Most socialising done in Tokyo is away from home, hence the infinite number of venues that offer alcohol in the city, from the ubiquitous izakaya, to the more exclusive glitzy bars. The nightlife in Tokyo has something to offer everyone. Whether you’re looking for a hedonistic party, superclub sounds or chilled out beats it’s all here for the taking. Lounge about or dance the night away at Tokyo’s best clubs.
Shopping in this city has become more of an art than a simple pleasure. If you’ve got cash to spend then this is the paradise of all shopping paradises. Shopping malls and department stores abound and specific areas are often devoted to certain wares to make life easier. Roppongi is more than just hundreds of shops - it is a mini city of restaurants, clubs, cafés, cinemas, hotels and museums. It is where the expat crowd in particular, party, eat, drink, shop and hang out and is about as far from traditional Japan as is possible. Roppongi Hills, a mall comprising most of the above, is at the centre of this hive of activity and attracts a good percentage of Tokyo’s serious shoppers. Housing high street, boutique and designer brands, you can safely expect to find everything you’re looking for. . If you want to avoid more mainstream bookstores and spend some time looking for some hidden literary treasures, Kanda is where to go. Browse among the second-hand shops that line Yasukuni Dori and you’re bound to stumble upon a few gems. Good Day Books is Tokyo’s oldest and most famous used English book store and you can spend hours here among the 40.000 second hand and new copies.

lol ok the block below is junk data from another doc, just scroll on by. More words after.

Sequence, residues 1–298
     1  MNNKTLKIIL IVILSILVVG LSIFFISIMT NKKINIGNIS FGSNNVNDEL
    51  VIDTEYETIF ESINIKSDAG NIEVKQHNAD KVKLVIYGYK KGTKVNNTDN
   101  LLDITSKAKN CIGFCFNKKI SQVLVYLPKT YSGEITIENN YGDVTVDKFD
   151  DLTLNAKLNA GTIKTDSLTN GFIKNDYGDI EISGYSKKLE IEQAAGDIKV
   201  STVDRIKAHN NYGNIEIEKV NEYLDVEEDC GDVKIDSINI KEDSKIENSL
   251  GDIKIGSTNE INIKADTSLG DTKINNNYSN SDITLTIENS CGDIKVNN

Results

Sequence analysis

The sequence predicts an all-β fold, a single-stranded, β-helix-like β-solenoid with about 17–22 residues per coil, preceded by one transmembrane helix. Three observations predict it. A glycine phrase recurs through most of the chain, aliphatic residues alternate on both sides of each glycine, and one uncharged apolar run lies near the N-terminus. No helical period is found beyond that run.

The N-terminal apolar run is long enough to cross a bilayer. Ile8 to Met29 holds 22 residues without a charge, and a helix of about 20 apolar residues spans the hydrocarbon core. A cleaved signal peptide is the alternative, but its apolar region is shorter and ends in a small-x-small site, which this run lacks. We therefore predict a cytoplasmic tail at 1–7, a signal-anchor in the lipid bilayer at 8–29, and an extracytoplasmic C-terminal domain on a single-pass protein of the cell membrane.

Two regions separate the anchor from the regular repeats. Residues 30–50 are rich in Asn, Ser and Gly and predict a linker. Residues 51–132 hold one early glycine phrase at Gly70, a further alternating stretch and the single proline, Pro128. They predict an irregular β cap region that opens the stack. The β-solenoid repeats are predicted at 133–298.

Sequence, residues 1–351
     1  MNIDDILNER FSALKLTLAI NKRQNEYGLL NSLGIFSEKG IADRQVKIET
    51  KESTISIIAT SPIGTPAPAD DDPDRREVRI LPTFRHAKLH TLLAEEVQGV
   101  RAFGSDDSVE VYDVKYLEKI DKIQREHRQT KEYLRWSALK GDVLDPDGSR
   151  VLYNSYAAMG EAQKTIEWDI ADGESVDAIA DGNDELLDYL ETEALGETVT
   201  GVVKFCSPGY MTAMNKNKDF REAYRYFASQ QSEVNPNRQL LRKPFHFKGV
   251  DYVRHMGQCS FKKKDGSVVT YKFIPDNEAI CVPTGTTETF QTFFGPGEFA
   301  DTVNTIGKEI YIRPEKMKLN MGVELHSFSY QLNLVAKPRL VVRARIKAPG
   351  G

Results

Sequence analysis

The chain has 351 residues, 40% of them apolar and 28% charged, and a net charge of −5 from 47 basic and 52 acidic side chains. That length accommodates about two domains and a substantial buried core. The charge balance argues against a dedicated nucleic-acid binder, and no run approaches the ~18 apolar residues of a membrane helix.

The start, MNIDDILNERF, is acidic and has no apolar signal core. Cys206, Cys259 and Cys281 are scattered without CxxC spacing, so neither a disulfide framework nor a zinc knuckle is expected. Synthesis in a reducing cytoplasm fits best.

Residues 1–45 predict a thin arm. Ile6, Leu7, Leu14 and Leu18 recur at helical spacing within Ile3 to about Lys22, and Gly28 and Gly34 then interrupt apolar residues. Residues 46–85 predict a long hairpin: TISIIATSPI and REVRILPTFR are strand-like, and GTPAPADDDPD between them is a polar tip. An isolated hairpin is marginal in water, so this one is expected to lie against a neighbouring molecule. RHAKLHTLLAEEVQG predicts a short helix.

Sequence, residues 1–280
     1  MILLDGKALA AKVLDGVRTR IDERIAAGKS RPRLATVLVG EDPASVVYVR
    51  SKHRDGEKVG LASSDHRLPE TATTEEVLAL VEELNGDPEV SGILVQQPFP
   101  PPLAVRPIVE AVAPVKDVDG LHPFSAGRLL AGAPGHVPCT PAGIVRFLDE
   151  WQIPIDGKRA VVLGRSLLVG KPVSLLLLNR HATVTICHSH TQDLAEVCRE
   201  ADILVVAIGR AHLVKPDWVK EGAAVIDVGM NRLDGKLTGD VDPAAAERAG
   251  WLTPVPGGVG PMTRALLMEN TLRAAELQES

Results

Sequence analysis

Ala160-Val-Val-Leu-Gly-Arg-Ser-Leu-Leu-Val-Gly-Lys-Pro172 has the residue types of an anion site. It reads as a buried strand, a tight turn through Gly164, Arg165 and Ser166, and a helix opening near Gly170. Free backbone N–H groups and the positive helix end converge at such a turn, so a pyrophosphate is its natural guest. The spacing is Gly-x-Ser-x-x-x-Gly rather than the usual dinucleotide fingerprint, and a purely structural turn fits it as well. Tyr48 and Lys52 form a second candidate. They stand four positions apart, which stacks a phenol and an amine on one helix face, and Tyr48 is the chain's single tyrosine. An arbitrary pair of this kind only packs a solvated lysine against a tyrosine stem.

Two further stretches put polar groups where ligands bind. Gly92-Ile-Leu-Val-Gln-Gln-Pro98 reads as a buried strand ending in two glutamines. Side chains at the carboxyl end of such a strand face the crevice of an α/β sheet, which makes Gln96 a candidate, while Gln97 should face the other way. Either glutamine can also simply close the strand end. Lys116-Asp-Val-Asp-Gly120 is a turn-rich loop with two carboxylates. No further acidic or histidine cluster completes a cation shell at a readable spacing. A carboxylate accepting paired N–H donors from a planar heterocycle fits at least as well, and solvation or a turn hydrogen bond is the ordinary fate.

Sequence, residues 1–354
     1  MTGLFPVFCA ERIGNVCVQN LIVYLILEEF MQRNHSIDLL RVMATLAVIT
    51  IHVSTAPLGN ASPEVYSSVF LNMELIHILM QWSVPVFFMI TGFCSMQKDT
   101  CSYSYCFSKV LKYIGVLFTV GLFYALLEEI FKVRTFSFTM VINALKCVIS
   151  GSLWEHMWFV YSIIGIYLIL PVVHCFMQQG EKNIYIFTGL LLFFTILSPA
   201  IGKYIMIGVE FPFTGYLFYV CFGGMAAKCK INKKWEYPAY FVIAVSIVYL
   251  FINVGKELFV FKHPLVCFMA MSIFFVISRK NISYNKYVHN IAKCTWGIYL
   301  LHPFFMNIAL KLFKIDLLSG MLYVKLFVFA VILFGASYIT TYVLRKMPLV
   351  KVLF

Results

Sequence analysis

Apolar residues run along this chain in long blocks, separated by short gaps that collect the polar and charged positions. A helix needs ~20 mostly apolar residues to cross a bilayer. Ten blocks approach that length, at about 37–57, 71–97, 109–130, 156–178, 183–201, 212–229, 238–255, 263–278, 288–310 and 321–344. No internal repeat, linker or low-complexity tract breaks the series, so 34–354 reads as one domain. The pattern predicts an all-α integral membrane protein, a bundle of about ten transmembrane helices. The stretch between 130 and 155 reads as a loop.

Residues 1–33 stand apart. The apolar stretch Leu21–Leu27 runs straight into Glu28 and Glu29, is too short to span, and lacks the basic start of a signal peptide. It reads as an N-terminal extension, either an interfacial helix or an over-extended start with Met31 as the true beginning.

Public transport

Public transport

Tokyo has one of the most efficient train and subway systems in the world. Trains are clean and fast and all stations have signs in English. The major train and subway systems are : East Japan Railway (JR), Tokyo Metro, and Toei Subway. There are other railway companies. Each company has its own ticket. A variety of tickets and passes are on offer to make it easier than buying individual tickets for every trip. You can also consider getting a prepaid Suica Travel pass to travel on JR , subways, and buses. These can be purchased at JR ’Green Window’ areas or at ticket machines. www.tokyometro.jp/en/ticket/types/pass/index.html www.jreast.co.jp/e/pass/index.html?src=gnavi The East Japan Railway (JR) is represented by green letters "JR" logo, offering the fastest service but in a higher price. It operated overland train lines are colour-coded, the most frequently used line in Tokyo municipality is the Yamanote line (green). Tokyo Metro runs by a private company. The subway consists of 9 lines with the light blue letter "M" logo. Subways and trains operate from 5am-midnight. Toei Subway operates 4 subway lines by the Bureau of Transportation with a green shape logo. Buses in Tokyo are run by several different companies. It is less confusing to take the subway or train around the city, but bus routes are efficient. Nevertheless, few signs are in English which makes navigation difficult. Bus route guides in English are available at Toei subway stations and hotels. www.tokyobus.or.jp Cycling is one of the most common ways to get around in Tokyo, if you’re feeling energetic. Some hotels will hire out bikes, but most will have further information on where to hire elsewhere.